The Procrastination Marathon, scheduled to take place on the seventh of June (2020) at the Jardim Botânico de Lisboa, was postponed… Or, this was precisely what it was about: something that begins as soon as it is announced and is indefinitely delayed? Could this be a part of the procrastination project? If so, a marathon only underlines what already exists but is disguised as numerous plans for accomplishment. So, are they plans for postponing or procrastinating? If confinement is prolonged for “covidic” reasons, the meeting is reflective instead of providing a real-life gathering. In place of a procrastination marathon, we have access to concrete discourses, approaching encounters that are difficult to describe. Eight interviews about the power of these encounters were proposed and are available on the TBA website. What is improvising? Conversing? Playing? Finding relationships, connections, nexuses? Positioning ourselves? Knowing how to perpetuate the place of not knowing?

These interviews conducted by performer and researcher Sílvia Pinto Coelho focus on procrastination's role in creative processes. Slowing down creation and research can be a way of recognizing that the act of delaying, of making things last, can lead to a fertile process of inventing the unknown. Improvisors and artists from the fields of dance and performance talk about their methodologies and ideas in this reformed version of the Procrastination Marathon.

Mariana Tengner Barros and Elizabete Francisca possess a vast panorama of improvisation practices, achieved through dance, and share a selection of lapidating phrases such as: “No one tells you what you are meant to do, or how. And that is a powerful emancipatory practice” (EFS). Or “How do we ride the waves of desire in a dialogue with what others are doing?” (MTB).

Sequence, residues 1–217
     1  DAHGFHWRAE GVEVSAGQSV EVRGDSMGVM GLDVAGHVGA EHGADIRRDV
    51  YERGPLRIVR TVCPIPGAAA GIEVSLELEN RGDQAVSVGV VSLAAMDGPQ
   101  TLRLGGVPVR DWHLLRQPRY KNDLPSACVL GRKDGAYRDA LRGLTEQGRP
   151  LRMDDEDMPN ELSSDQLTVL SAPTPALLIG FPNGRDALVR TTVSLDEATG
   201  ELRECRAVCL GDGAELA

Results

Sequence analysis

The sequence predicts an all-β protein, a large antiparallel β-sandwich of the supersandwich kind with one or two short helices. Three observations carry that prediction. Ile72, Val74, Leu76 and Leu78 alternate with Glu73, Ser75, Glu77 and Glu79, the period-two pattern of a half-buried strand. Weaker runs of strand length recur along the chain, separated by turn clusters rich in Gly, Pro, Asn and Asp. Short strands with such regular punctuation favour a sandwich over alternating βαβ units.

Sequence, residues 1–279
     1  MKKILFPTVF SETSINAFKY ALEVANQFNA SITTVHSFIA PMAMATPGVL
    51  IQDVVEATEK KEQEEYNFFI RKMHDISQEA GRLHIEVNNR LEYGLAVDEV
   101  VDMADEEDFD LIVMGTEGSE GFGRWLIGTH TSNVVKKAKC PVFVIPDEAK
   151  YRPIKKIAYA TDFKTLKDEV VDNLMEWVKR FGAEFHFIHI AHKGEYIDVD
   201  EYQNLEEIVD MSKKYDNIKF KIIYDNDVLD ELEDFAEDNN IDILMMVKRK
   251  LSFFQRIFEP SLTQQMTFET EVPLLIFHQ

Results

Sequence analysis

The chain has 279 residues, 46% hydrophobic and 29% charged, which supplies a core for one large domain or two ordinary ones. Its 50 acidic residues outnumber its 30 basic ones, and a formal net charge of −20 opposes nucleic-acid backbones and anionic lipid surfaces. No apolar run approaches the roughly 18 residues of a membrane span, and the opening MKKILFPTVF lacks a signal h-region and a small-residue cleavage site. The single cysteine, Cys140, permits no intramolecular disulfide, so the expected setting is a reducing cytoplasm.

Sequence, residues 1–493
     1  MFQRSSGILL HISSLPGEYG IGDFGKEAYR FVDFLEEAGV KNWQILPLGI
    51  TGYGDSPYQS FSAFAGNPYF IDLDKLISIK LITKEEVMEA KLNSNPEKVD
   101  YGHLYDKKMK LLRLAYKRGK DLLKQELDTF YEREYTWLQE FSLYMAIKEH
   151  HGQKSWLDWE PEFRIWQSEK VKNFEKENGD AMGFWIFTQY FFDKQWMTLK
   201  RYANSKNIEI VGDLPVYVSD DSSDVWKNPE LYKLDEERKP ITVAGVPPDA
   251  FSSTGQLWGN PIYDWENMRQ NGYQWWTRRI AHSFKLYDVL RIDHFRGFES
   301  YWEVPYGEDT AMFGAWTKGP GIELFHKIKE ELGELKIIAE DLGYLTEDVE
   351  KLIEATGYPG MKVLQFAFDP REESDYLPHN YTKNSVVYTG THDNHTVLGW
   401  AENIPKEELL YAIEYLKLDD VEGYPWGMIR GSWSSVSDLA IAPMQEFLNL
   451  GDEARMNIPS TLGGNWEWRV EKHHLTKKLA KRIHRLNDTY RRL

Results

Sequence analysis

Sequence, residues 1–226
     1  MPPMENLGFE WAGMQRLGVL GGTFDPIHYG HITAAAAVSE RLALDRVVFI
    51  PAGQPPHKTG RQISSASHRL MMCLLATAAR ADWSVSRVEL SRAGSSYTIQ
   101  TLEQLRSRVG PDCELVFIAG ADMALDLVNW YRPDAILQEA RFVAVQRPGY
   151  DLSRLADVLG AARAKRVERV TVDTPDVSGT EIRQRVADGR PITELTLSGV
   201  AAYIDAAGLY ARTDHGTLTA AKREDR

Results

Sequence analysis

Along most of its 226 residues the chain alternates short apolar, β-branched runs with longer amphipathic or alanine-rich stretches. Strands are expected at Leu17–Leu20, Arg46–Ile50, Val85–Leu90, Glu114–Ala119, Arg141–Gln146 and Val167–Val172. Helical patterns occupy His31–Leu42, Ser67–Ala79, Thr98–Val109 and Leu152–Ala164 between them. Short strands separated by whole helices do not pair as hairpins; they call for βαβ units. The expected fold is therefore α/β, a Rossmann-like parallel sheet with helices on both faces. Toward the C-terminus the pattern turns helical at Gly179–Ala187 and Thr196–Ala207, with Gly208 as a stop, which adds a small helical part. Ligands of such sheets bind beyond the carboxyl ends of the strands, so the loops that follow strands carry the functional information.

Márcia Lança and João Fiadeiro are artists who develop ways of being on stage, in exploration and in Real Time Composition, in their own unique way. Here they lead us through various paths, in a conversation, waxing as if we were going to continue, continue, continue… “What made us a collective was an exercise of trust and surrender to the unknown, to a type of abyss, an emptiness into which we entered.” (ML).

Vera Mantero was part of several projects that started in the aftermath of Contact Improvisation in the European dance scene of the 1990s. “What was present in those moments, when I was participating in those projects like Crash Landing, etc., was an amazing feeling, before beginning, of facing an abysm. (…) And this is because you are about to start something and have no idea what it will be. That is a crazy thought! I loved that!” (VM).

Peter Michael Dietz mentions that one of the names he came up with for a course was “Impossible Dance”. Someone commented, “But if it is impossible, then it can’t be done, right?”. “That’s a way of seeing, yes! But one can also try, no? Yes, dance can be impossible! At first, yes!”. (PMD)

Christine De Smedt, one of the proponents of Crash Landing with Meg Stuart and David Hernandez in the 1990s, reflects with us today on her mixed feelings about the various types of improvisation. "In improvisation, we also organise distraction, bringing people together, or bringing things together that we don't know yet to propel ourselves to another level. (...) I think that in that sense, improvisation also has a great element of transformation" (CS).

Mark Tompkins says that "procrastination can be very positive, as long as we don't fall into ‘waiting mode’. Procrastination can just be – ‘Well, I like where I am, why should I go around doing crazy things if I feel good here?’ Or, ‘when I'm running, why should I stop there just because it feels like I should?’ That's my idea of procrastination. And in life, I'm quite a procrastinator, but not in a good way." (MT)


Episode #1 - Elizabete Francisca + Mariana T. Barros

Episode #2 - Márcia Lança + João Fiadeiro

Episode #3 - Vera Mantero + Peter Michael Dietz

Episode #4 - Christine De Smedt + Mark Tompkins